Objectives: Police are often the front-line response to people experiencing mental health crises. This study examined the impact of an integrated mobile crisis team formed in partnership between mental health services, municipal police, and emergency health services. The service offered short-term crisis management, with mobile interventions being attended by a plainclothes police officer and a mental health professional.
Methods: We used a mixed-methods design encompassing: a controlled before-and-after quantitative comparison of the intervention area with a control area without access to such a service, for 1 year before and 2 years after program implementation; and qualitative assessments of the views of service recipients, families, police officers, and health staff at baseline and 2 years afterward.
Results: The integrated service resulted in increased use by people in crisis, families, and service partners (for example, from 464 to 1666 service recipients per year). Despite increased service use, time spent on-scene and call-to-door time were reduced. At year 2, the time spent on-scene by police (136 minutes) was significantly lower than in the control area (165 minutes) (Student t test = 3.4, df = 1649, P < 0.001). After adjusting for confounders, people seen by the integrated team (n = 295) showed greater engagement than control subjects as measured by outpatient contacts (b = 1.3, χ^sup 2^ = 92.7, df = 1, P < 0.001). The service data findings were supported by the qualitative results of focus groups and interviews.
Conclusions: Partnerships between the police department and mental health system can improve collaboration, efficiency, and the treatment of people with mental illness.
Can J Psychiatry. 2010;55(10):662-668.
* The Introduction of an integrated mobile crisis service involving clinicians and police officers was associated with improved response times in spite of an increased use by patients, families, and service partners.
* Patients in contact with the mobile crisis service showed greater subsequent engagement with treatment than control subjects as measured by increased outpatient contacts.
* Partnerships between the police and mental health system can improve collaboration, efficiency, and the treatment of people with mental Illness.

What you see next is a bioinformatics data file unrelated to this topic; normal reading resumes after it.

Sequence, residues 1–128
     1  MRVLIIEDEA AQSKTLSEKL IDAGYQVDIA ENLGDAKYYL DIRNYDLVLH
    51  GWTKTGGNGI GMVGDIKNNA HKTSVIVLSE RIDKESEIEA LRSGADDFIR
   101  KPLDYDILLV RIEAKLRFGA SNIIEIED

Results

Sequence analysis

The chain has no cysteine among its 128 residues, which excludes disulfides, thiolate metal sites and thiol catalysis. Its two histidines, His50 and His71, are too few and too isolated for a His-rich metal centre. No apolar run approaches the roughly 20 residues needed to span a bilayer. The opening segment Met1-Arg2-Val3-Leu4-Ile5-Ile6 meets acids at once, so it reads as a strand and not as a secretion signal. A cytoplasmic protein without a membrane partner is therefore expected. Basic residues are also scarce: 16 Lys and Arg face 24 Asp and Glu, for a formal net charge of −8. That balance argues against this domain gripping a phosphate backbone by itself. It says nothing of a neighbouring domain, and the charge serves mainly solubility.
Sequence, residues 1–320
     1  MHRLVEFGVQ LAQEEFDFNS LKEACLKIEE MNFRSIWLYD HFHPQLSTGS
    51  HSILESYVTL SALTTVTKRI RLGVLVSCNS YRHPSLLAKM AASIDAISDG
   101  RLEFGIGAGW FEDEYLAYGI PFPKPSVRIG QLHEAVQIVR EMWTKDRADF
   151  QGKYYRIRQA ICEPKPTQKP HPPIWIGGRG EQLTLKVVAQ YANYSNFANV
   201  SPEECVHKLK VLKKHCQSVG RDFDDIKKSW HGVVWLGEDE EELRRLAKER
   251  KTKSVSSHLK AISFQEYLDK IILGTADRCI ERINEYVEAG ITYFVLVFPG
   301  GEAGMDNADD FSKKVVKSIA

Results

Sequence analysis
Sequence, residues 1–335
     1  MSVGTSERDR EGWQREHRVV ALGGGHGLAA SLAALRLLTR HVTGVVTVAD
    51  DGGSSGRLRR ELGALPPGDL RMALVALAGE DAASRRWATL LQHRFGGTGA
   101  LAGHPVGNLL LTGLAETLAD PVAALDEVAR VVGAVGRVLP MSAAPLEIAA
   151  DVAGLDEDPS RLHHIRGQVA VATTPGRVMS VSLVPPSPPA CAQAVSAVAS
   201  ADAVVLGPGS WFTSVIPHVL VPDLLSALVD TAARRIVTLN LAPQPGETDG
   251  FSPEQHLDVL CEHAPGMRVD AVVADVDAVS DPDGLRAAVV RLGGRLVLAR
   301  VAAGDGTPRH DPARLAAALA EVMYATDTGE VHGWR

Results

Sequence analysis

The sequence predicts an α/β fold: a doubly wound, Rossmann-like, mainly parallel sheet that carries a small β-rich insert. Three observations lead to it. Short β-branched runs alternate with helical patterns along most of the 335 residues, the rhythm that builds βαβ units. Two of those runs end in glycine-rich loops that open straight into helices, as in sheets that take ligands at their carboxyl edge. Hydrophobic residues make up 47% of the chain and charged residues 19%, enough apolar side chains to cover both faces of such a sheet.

* We used routinely collected health and police administrative data for the quantitative analyses, which are subject to recording bias.
* Qualitative data add more depth and insight to quantitative findings but may not be generalizable, or applicable, to the larger population.
* We were unable to measure the effect on admissions to hospital.
Key Words: mixed-methods, integrated service, mobile crisis unit, police, mental health
Abbreviations used in this article
CDHA Capital District Health Authority
EHS Emergency Health Services
GAF Global Assessment of Functioning
HRP Halifax Regional Police
MHMCT Mental Health Mobile Crisis Team
PHRU Population Health Research Unit
Responding to mental health crises in the community has typically fallen to generic emergency response services, such as police, emergency medical services, and emergency departments. These services often do not have the knowledge and skills to respond to such crises, resulting in poor outcomes for all involved.13
Our study evaluated an integrated mobile crisis service of clinicians and police officers. A previous service had offered telephone support and mobile crisis intervention from an unaccompanied mental health professional, operating only from 1 PM to 1 AM. The new integrated service offered telephone support 24 hours a day backed by teams of mental health professionals and police partners. A clinician managed all incoming calls and, if unavailable or already on a call, returned the call within 30 minutes. …